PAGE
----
4.  Photocell

The photocell is a light based resistor that changes resistance based on the amount of light is subjected to

the photo cell is used in this circuit to detect if a bright light (traffic light) is present and enable or disable the DC motors based on the readings.  




5.  DC Motors

The DC motors are used to drive the car in this project, these specific motors have had their speed reduced in a small gear box in order to increase the torque.  Using the Arduino the IR sensors are used to keep a black line between two IR sensors, and when the line is detected the motors react accordingly.




     LEDs (Light Emitting Diodes)

The LEDís are programmed to react when an IR sensor detects a line; these LEDís are located on the breadboard.  There are also LEDís programmed to react to the stimulation of the photocell by a bright light in which case they are illuminated and the DC motors are disabled.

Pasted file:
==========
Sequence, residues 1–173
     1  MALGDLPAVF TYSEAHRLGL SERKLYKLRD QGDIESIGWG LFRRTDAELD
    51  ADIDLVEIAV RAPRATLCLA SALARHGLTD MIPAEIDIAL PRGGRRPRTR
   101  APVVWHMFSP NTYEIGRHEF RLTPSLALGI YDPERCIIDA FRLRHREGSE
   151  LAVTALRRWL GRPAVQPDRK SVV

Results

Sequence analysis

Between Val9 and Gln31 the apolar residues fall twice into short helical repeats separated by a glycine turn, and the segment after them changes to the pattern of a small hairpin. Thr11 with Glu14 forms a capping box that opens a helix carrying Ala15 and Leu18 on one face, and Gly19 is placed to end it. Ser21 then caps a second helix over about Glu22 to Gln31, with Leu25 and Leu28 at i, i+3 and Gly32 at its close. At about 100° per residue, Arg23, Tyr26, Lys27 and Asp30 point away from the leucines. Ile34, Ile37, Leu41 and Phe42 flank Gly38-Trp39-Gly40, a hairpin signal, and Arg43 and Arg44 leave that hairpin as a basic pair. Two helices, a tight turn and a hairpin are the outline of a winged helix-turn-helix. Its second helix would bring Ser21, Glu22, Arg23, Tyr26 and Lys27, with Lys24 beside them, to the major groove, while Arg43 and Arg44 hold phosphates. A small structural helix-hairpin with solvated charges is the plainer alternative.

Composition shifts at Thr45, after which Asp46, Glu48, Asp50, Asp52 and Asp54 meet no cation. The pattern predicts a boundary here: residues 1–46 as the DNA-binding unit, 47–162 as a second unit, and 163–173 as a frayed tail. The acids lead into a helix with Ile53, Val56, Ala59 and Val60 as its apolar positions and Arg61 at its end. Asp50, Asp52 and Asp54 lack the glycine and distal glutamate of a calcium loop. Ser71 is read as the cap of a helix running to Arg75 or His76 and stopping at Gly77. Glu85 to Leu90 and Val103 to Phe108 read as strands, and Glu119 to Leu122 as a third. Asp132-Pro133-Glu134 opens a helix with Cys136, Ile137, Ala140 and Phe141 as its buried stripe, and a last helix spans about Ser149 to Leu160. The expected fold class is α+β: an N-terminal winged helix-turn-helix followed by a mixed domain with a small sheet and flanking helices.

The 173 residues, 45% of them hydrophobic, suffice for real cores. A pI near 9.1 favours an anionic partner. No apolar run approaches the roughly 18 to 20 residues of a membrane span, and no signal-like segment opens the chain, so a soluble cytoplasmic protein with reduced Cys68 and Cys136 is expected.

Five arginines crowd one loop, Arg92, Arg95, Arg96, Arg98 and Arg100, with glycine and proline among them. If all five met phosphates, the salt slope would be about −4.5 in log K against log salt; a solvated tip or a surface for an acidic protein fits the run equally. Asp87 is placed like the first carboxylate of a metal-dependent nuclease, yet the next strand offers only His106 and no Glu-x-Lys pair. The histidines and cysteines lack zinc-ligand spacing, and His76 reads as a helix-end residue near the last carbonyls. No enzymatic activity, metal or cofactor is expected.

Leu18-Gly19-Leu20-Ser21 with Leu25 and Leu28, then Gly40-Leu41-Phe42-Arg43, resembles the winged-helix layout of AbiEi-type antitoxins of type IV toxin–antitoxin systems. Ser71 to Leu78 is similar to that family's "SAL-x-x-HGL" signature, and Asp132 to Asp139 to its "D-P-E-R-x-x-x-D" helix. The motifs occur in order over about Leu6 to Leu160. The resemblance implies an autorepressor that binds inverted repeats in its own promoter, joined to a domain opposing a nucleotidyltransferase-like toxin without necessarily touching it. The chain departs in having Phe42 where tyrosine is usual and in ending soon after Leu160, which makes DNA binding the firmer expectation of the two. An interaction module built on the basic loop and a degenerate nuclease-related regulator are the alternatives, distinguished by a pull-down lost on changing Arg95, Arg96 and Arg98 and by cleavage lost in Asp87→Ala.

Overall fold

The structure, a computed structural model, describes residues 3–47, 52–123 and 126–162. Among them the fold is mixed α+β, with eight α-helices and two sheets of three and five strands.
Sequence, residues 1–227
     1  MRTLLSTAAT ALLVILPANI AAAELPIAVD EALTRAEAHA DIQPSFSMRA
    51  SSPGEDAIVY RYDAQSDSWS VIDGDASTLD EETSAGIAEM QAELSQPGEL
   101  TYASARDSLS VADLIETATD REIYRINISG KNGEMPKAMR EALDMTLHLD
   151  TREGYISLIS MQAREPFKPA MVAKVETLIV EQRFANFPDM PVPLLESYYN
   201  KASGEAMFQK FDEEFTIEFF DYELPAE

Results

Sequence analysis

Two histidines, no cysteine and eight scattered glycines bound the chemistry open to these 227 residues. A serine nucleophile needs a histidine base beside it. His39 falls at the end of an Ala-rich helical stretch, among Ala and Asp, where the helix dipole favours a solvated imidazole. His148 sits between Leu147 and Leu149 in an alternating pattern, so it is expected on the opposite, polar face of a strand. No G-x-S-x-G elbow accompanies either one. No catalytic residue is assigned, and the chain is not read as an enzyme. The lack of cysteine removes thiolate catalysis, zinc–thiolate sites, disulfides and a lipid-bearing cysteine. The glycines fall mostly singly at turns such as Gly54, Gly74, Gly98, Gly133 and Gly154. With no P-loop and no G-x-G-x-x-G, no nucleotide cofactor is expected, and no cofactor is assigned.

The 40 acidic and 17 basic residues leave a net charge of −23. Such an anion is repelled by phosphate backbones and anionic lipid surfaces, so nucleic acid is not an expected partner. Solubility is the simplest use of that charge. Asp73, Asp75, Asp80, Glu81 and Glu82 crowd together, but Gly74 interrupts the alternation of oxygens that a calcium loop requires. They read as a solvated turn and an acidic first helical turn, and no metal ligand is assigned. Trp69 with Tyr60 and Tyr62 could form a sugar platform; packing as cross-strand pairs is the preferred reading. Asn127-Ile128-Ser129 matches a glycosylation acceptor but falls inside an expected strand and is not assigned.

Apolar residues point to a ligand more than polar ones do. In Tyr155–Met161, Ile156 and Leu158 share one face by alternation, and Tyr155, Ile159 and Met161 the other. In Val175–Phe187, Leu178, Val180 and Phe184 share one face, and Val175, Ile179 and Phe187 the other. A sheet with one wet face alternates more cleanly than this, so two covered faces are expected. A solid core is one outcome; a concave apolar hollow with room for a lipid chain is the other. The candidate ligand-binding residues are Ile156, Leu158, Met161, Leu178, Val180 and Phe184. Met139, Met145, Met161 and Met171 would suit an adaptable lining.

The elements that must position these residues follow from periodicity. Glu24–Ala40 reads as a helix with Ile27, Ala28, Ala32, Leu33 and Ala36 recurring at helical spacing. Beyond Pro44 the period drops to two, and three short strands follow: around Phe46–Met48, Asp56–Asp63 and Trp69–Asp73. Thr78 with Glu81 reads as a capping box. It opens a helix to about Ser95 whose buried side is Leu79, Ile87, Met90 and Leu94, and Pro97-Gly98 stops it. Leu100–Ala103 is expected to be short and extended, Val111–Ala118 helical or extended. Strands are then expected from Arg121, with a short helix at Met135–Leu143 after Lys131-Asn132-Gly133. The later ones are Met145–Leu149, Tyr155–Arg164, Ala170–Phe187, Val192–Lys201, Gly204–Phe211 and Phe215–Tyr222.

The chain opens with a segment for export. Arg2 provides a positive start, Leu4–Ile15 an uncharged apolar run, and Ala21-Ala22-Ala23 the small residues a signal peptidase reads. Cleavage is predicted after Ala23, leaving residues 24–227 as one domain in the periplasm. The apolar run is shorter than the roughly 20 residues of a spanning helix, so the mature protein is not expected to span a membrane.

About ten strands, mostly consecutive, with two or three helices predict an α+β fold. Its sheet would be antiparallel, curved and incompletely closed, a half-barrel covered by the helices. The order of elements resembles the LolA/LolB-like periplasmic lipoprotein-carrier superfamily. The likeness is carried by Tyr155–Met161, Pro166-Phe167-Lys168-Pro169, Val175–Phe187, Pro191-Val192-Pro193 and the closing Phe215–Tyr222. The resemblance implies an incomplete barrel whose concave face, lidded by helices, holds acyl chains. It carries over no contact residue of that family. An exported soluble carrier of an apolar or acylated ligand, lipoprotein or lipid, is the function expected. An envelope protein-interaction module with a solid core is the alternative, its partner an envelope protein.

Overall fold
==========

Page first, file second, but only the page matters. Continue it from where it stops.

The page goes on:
The transistors are used as switches in order to control the magnitude of the signal and therefore the speed of the DC motors.  The only downfall of this setup is that the motors cannot run in reverse. See the following pictures where transistors are circled with gree.





// Sensors (Into Arduino)

const int RIGHT_IR = A0;

const int PHOTO = A3;

const int LEFT_IR = A5;

// Signals (Out of Arduino)

const int LEFT_MOTOR = 11;

const int RIGHT_MOTOR = 3;

const int LEFT_LED = 4;

const int RIGHT_LED = 10;

const int BRAKE_LIGHTS = 7;

// Other Variables

int motor_high_right = 105;

int motor_high_left = 105;

int motor_mid_right = 55;

int motor_mid_left = 55;

int motor_off = 0;

int right_ir_mid = 950;

int left_ir_mid  = 950;

int photo_mid    = 150;





void setup()




  pinMode(LEFT_LED, OUTPUT);



  //right_ir_mid = calibrate(RIGHT_IR, RIGHT_LED);

  //left_ir_mid  = calibrate(LEFT_IR,  LEFT_LED);

  //photo_mid    = calibrate(PHOTO, BRAKE_LIGHTS);